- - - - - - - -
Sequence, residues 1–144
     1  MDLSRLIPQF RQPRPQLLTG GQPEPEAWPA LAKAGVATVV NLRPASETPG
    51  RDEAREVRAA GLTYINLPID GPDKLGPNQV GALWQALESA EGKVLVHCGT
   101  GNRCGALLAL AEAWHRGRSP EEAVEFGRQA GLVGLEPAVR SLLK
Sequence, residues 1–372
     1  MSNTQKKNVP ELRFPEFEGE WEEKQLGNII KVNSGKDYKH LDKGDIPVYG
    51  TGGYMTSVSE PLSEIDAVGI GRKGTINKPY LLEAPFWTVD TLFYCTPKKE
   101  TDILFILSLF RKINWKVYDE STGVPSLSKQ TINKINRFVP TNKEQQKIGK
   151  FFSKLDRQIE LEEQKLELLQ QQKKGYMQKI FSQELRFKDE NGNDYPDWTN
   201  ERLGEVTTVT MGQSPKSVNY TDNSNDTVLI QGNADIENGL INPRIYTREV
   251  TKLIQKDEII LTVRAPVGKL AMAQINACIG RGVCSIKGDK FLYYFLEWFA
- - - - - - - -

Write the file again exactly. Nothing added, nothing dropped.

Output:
Sequence, residues 1–144
     1  MDLSRLIPQF RQPRPQLLTG GQPEPEAWPA LAKAGVATVV NLRPASETPG
    51  RDEAREVRAA GLTYINLPID GPDKLGPNQV GALWQALESA EGKVLVHCGT
   101  GNRCGALLAL AEAWHRGRSP EEAVEFGRQA GLVGLEPAVR SLLK
Sequence, residues 1–372
     1  MSNTQKKNVP ELRFPEFEGE WEEKQLGNII KVNSGKDYKH LDKGDIPVYG
    51  TGGYMTSVSE PLSEIDAVGI GRKGTINKPY LLEAPFWTVD TLFYCTPKKE
   101  TDILFILSLF RKINWKVYDE STGVPSLSKQ TINKINRFVP TNKEQQKIGK
   151  FFSKLDRQIE LEEQKLELLQ QQKKGYMQKI FSQELRFKDE NGNDYPDWTN
   201  ERLGEVTTVT MGQSPKSVNY TDNSNDTVLI QGNADIENGL INPRIYTREV
   251  TKLIQKDEII LTVRAPVGKL AMAQINACIG RGVCSIKGDK FLYYFLEWFA